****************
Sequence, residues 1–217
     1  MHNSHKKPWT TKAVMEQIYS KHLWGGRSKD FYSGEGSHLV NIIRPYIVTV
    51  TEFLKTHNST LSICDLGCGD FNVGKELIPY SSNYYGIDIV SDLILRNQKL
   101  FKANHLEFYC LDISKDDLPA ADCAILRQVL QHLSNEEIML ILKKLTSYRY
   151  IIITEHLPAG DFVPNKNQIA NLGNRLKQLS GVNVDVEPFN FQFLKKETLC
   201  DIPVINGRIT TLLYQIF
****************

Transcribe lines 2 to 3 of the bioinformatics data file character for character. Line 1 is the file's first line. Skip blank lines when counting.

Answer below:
     1  MHNSHKKPWT TKAVMEQIYS KHLWGGRSKD FYSGEGSHLV NIIRPYIVTV
    51  TEFLKTHNST LSICDLGCGD FNVGKELIPY SSNYYGIDIV SDLILRNQKL